Airlines can’t seem to get brand advertising off the ground

It's funny how whole segments of the economy suddenly seem to jump on the advertising bandwagon, and just as quickly jump off again.
There'll be a flurry of oil company campaigns, and then a year later, silence.

It’s funny how whole segments of the economy suddenly seem to jump on the advertising bandwagon, and just as quickly jump off again.

There’ll be a flurry of oil company campaigns, and then a year later, silence. The life insurance industry comes at us in waves, too. And the car insurance people just will not shut up these days, at least in Toronto, where I can only assume they could save money if they simply bought their own car insurance radio station. But five years ago? Nada.

And who would have dreamed that the cruise business would bounce back after something like a 50-year decline into oblivion. My uncle was of that Noel Coward generation who thought crossing the Atlantic on The Queen Mary was sexy. He’d book a first-class cabin, pack a tux and a carton of Player’s, board at Montreal, sail to England, and sail right back again. Wouldn’t even get off the ship. He’d be perfectly in style today.

Which brings me to airlines. When I was a kid, believe it or not airlines were sexy! Even before the horror of 9/11, airline travel had become about as seductive as a midnight Greyhound bus trip to Cleveland.

There was once a brilliant Alaska Airline TV spot that spoofed the perceptual difference between First Class and Steerage. The camera started at the cockpit and panned down the aisle through First. Something akin to a Roman Orgy was in full swing. Fat businessmen with lipstick smears on their collars were swilling champagne from the bottle and frolicking with big-breasted stewardesses who popped ripe grapes into their slavering gobs.

Finally it reached the curtain into Tourist Class. It was like a Quonset Hut. Bare metal walls. No insulation. No lights. No seats. In the middle of the floor there was a little fire burning, and a ragged bunch of what looked like down-on-their-luck Albanian peasants huddled ’round it for warmth. The line was There’s only one class on Alaskan, and it’s not second.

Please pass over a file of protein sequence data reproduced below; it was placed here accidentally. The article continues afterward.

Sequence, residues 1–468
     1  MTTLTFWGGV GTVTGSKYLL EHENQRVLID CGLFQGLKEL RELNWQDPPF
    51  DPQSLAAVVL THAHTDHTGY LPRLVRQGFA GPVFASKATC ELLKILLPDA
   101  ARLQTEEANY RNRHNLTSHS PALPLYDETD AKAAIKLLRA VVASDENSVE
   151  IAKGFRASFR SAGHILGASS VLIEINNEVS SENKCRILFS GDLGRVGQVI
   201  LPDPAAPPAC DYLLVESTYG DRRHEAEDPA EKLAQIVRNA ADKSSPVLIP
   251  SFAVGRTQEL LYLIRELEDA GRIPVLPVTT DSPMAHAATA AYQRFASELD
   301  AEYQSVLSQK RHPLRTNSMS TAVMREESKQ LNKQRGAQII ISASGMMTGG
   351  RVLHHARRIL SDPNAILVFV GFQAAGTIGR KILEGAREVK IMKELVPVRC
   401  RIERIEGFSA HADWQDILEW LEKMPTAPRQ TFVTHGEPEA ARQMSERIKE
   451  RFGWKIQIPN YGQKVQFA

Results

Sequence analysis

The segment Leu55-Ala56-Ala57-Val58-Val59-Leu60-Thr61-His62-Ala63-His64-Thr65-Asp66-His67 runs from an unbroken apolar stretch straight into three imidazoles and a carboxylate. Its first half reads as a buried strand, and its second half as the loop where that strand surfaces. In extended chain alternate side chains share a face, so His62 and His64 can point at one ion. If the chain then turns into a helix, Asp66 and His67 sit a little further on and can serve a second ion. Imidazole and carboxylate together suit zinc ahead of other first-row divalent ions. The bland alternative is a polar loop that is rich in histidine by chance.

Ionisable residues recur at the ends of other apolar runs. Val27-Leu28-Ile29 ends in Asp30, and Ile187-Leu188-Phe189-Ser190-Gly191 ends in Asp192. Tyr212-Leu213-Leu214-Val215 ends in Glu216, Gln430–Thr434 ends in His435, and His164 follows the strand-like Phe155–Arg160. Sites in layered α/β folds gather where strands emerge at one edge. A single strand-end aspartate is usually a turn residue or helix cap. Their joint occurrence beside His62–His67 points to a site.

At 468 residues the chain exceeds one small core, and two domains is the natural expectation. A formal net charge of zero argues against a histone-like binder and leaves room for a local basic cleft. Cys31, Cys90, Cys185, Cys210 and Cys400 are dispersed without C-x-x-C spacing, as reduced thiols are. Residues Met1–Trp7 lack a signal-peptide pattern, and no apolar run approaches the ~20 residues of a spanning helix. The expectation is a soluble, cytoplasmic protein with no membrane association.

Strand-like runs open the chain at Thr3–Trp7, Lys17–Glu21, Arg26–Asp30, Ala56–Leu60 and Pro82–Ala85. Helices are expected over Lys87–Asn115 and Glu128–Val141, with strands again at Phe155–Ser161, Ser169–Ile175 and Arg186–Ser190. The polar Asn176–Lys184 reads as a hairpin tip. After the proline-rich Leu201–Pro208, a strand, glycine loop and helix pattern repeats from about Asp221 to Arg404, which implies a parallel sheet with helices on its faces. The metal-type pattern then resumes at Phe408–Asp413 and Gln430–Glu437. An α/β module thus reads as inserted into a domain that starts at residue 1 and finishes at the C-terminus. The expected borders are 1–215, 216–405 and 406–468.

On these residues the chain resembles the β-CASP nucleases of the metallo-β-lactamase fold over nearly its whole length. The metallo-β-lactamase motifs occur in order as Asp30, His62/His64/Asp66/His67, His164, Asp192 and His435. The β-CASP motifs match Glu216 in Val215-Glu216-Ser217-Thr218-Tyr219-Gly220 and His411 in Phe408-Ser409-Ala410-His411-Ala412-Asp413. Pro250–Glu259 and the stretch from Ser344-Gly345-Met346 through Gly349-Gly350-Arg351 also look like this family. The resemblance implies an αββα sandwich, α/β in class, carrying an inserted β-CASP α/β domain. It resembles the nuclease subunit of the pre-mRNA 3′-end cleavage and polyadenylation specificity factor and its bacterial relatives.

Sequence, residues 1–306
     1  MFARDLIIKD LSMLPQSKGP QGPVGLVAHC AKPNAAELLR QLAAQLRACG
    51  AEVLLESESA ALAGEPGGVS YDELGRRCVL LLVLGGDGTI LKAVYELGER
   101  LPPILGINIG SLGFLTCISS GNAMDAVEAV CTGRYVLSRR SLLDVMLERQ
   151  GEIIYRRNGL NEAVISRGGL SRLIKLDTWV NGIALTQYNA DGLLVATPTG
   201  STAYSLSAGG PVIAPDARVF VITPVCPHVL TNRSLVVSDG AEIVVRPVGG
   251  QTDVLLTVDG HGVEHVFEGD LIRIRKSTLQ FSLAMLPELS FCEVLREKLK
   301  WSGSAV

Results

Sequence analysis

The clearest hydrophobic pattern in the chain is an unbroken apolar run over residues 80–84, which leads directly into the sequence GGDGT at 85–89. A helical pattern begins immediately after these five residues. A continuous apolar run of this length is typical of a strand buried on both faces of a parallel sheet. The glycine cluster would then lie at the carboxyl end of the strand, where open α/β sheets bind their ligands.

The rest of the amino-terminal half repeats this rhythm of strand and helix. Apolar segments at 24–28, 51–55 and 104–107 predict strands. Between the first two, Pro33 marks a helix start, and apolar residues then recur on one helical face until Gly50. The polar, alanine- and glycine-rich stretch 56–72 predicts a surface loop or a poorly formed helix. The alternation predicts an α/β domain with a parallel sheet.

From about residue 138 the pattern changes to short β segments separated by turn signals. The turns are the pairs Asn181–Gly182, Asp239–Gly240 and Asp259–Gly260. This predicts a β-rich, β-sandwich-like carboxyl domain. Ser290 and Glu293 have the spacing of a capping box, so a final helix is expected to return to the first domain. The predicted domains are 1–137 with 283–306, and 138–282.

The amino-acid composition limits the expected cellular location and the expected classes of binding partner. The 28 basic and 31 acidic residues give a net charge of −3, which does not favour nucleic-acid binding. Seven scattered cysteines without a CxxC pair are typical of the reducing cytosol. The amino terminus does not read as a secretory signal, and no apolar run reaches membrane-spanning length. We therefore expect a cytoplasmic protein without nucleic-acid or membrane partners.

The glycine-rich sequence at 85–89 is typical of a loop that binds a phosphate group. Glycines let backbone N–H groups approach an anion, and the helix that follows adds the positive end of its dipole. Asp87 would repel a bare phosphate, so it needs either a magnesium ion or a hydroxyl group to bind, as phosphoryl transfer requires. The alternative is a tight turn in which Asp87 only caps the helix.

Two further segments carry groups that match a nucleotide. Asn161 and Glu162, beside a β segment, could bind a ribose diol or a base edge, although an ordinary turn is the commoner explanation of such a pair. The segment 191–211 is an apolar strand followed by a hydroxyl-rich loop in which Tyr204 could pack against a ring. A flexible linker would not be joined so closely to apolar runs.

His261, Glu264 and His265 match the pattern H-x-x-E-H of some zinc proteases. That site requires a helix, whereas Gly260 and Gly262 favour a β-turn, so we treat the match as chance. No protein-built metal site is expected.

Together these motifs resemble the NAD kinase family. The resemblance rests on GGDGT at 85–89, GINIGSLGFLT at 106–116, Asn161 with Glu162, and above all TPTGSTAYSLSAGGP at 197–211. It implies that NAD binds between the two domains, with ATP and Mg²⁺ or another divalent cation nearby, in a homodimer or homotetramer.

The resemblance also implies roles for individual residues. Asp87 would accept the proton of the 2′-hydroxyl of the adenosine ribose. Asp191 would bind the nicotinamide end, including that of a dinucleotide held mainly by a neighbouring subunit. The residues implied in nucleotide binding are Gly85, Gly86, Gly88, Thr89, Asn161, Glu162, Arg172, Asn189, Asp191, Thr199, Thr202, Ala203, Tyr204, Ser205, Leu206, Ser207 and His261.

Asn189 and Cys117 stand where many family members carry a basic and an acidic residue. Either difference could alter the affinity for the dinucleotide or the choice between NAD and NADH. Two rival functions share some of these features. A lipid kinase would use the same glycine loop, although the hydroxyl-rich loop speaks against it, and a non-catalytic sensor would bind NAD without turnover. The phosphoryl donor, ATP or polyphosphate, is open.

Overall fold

Think about this next time you’re standing in line for your Even-Cheaper-Than-Thou Airlines flight while they check little old French Canadian ladies’ shoes for fertilizer bombs: Not so long ago, people bought airline tickets for the same reasons they now buy cruise line tickets. The promise of luxury. Ease. Class. Expensive booze. Five-course meals. Pampering.

I had the pleasure of making the Canadian campaigns for what was generally agreed to be The World’s Most Pampering Airline for the best part of 20 years, from the time they entered this market to the time they left.

Swissair had determined that with only six million Swiss on the planet, they had to be better than everyone else’s national airline to get market share as a worldwide airline. And that meant going ‘way up market.

Price was the last thing on the mind of anyone flying Swissair first cabin, trust me. One of the finest meals you could have anywhere was served over Greenland every afternoon aboard the Swissair flight from Zurich to Toronto. Guys who had paid nine grand for a ticket loaded up dinner plates with Beluga caviar the way my kids eat Marshmallow Blasted Froot Loops.

Before they quit the Toronto market in ’92 (the Swiss franc was four to a Canadian dollar in ’75, and at par with the Canadian dollar by ’92), Swissair worldwide hadn’t lost a dime since 1922, including the Second World War.

I was once at a cocktail party in Montreal with a guy who’d been worldwide marketing director of Swissair during World War II. He recalled ‘Vee flew our schedules visout interruption for zee first part of zee vor’ and then grew testy, saying ‘But zen,in zee second part, vee vood land at Berlin, AND ZEE ALLIES VOOD BOMB ZEE PLANES!!!’ He was still pissed at us for disrupting business during the unpleasantness with the Nazis.

So aside from pleading for government loan guarantees and bailouts, what are airlines doing today? Not much in the way of brand advertising, folks.

I see Alitalia is still perpetrating that Let’s get laid strategy which seems to lose so much in translation.

But our own Air Canada has come up with possibly the weirdest set of bus shelter boards you’ve ever seen.

In each, someone with what I can only call a homely face (and I’m being generous) is apparently meditating so fervently that, oh, a London double decker bus has popped right out of their brains and is now protruding from their skulls and out through the skin on their foreheads. The line is I’m so there. Of course, they might be really stoned as well. But if you or I were sitting next to one of these folks in tourist, I’ll bet we’d ask the flight attendant if there’s an empty seat somewhere down back. As Alfred E. Neuman used to say, Wha? Guess Air Canada feels luxury flight will wait a while longer for a comeback.

Barry Base creates advertising campaigns for a living. He writes this column to blow off steam, and as a thinly disguised lure to attract clients who may imagine working with him could be a productive and amusing experience. Barry can be reached at (416) 924-5533, or faxed at (416) 960-5255, at the Toronto office of Barry Base & Partners.